You always have us here and hopefully others in your life to take up the slack and support you when he isn't or can't the way you need. It's hard for people not in the suffering body to empathize and recognize when we are in our bad times, especially when they can't see it. Hang in as you know this flare will pass and you will be back to your "normal". It just kills me that someone so young at at your point in life is already dealing with chronic pain and illness. Have you seen the spoon theory? That's the best description I have right now but it's this great explanation of what it's like for those of us with chronic pain and or illness and fatigue to get through a day. It might be really helpful for helping your B F understand especially your good and bad days. A college student came up with it as a way to explain to her friend what it was like for her each day.
Wishing you the best! I'm 14 right now, but I can't relate to many people my age because they don't understand what "it's never going away..." means. I don't know what to say about your boyfriend. I've never dated, and honestly I don't expect to anytime soon.
Better than sympathy is empathy. The ability for someone to truly imagine what it is to be like to walk in our shoes. This imagination like I have said a few times is based on knowledge of what we have told the ones that we love about ourselves. So you need to ask yourself, did I tell him enough? Did I explain the disease enough? Does he know my body is turning against me? Does he know what I have to do to keep that from happening and why it keeps it from happening? Does he know what it is like to start my morning? The details of a flair up? The dangers of a flair up? How scary this can be? How painful it is? How it zaps your resources. How you would like to do much more with him. The grief you have experienced in how this has changed your life. Knowledge is power. Communication is key.
My last thought. It may not be what you want to hear. It may bother some. I am a 45 year old man. Not that part. But this. He is young. I am guessing if you are 21 then he must be close by. I was mature for my age when I was young. I had to run a house. I had to help support my mom. I took care of all the duties of the house, cleaning and cooking from fourteen on. I started a management job for a corporation when I was sixteen. Despite being mature for my age, I was not mature enough. Would I have stood by someone's side. Maybe. I would like to think so. I actually imagine that I would. Would I have been a good support system for that person at the time or would I possibly be unfeeling at times, cutting them off, a bit selfish. Us men really don't mature into adulthood like you women do probably until about 28 or 29. At least it wasn't til then that I became much more observant and a better listener. I became a better communicator. I also at that time saw more need to treat my partner better and to communicate well. I am not saying that you can not expect these things from your boyfriend. He may be ahead of the curve on some things. We all excel at different things and I am not saying get rid of him. I just saying that part of of your lack of sympathy could quite be a lack of maturity.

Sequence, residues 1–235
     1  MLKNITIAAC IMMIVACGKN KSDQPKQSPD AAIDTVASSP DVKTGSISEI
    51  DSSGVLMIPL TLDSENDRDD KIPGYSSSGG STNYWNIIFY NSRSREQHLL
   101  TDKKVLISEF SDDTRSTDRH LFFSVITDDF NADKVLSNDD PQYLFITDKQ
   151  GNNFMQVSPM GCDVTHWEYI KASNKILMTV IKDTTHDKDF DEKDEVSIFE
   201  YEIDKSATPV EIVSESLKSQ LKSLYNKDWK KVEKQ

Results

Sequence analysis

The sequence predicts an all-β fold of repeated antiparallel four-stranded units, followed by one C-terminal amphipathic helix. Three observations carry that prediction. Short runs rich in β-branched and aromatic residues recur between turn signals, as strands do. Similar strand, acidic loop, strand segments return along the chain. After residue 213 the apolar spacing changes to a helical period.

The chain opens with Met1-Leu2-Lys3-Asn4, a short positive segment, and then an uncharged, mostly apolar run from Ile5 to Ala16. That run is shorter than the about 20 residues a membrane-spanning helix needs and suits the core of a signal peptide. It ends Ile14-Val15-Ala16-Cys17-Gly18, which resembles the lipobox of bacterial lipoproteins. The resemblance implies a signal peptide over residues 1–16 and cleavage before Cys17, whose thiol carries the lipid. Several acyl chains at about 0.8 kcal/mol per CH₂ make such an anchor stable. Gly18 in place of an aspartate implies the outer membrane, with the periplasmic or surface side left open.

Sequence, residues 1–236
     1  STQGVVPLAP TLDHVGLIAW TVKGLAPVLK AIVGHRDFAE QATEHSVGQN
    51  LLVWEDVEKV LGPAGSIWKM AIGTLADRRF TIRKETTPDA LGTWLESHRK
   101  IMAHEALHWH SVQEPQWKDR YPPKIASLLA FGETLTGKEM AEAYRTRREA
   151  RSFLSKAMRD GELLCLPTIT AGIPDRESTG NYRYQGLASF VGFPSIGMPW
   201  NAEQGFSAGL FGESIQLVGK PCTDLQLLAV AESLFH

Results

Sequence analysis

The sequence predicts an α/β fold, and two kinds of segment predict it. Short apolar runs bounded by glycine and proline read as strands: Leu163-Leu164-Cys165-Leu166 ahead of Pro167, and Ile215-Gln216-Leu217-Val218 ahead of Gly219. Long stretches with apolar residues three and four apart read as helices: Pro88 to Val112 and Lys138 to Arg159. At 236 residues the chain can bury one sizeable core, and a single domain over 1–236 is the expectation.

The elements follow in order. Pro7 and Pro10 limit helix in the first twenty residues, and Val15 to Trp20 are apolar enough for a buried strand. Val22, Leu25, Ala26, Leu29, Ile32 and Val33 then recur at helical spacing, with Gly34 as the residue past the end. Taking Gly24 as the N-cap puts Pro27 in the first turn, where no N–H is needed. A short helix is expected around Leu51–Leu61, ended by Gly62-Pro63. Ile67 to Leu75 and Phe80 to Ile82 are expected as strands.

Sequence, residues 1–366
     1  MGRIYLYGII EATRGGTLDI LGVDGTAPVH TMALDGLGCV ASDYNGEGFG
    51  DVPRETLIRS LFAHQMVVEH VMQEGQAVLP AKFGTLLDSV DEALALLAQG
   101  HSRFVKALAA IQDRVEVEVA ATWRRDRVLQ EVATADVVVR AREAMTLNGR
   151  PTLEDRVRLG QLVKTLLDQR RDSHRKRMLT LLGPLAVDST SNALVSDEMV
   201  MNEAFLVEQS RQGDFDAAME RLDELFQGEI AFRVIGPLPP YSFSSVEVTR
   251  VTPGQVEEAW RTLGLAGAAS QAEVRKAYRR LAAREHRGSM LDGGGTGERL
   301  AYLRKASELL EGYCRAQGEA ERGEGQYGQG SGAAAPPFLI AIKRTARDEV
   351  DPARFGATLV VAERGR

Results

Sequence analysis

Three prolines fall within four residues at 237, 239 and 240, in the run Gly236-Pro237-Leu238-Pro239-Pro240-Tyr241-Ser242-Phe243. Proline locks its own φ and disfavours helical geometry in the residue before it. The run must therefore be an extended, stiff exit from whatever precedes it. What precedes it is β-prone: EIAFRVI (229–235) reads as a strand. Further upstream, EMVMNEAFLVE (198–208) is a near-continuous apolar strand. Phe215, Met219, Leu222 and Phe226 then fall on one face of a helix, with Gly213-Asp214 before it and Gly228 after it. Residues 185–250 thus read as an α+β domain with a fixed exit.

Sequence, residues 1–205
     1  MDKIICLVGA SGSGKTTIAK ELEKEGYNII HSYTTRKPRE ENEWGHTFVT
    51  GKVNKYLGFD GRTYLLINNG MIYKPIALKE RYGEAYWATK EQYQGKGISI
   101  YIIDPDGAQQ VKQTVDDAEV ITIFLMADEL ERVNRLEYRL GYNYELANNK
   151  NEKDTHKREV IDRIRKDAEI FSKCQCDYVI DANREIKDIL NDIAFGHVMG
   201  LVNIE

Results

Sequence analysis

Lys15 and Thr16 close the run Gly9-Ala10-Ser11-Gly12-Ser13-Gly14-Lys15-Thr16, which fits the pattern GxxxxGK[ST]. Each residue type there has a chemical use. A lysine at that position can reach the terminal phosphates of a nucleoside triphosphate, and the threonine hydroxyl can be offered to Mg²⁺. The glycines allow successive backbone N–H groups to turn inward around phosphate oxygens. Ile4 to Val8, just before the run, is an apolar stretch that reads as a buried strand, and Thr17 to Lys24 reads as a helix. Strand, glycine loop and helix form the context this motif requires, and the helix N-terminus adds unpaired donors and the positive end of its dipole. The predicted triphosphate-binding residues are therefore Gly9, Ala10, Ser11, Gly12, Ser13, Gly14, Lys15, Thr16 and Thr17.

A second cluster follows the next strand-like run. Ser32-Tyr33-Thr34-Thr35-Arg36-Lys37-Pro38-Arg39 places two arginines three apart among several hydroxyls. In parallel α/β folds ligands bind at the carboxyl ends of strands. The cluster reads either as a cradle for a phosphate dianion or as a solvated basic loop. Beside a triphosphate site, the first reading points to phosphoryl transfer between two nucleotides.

I'm 16 and have had this sing the 5th of August 2013. I'm here if you ever need me, I'm happy to kik, skype, snapchat, email etc. Just let me know. I cannot relate to anyone my age either as I cannot do anything and they can do everything, they are also brash, have enjoyed their "immature years" whilst I have not only been mature most of my life (even before my condition, since I was 7ish) but due to anxiety I have no been able to experience life and now, I never will
Don't say never Reece... Think positive! Rephrase to "I may never do everything but I hope to do as much as I can, when I can, one step at a time.". I'm staying positive for all of us. Even though I get overwhelmingly depressed sometimes I won't slow myself to stay negative. Otherwise I'd crawl in a deep dark hole and never return. This community is part of the light that shines in the dark. (((Hugs))) & prayers! 🙏🌼
Lauren I know it can be so hard at times. It is hard for anyone that doesn't have to live with any type of chronic pain to understand what we go thru. I have Syringomyelia, Syrinx, Osteoarthritis, Fibromyalgia and several other medical conditions . So I don't have a magic formula to make my husband understand either but he has had some knee problems I have told him when his knee is hurting him to try living with that pain 24-7 365 days. He has quit gripping at me when I am unable to do things. Sorry about my spelling. Will keep you my prayers.
I feel like I look at everyone differently since CRPS really hit my body. I see a lot in body language, and my classmates describe me as always looking sad. I sometimes find it easier to talk with older people, because they're overall more comfortable with talking about medical stuff. That's sometimes more relatable. I have a few close friends, one who's had a lot of surgeries and has a family with Lupus, and I've known my other friend since middle school, she's hyper and we're both ADD so our conversations are pretty random and is okay if one of us gets sick or something happens. Good luck finding someone to support you! T
Hi Lauren I'm 21 and I was diagnosed with fibromyalgia this year after a long struggle with doctors. It is hard being young and having such an illness. My ex husband kept telling me that my pain was due to being overweight and not exercising which was not the case especially because I only weigh 100lbs. It has been hard for my family to understand as well and the only person who does is my grandma which is because she has RA. My boyfriend that I have now is super understanding and encourages me to talk to others like on here or Facebook to help be a support system. We are all here to support each other. If you want to email me specifically just let me know :)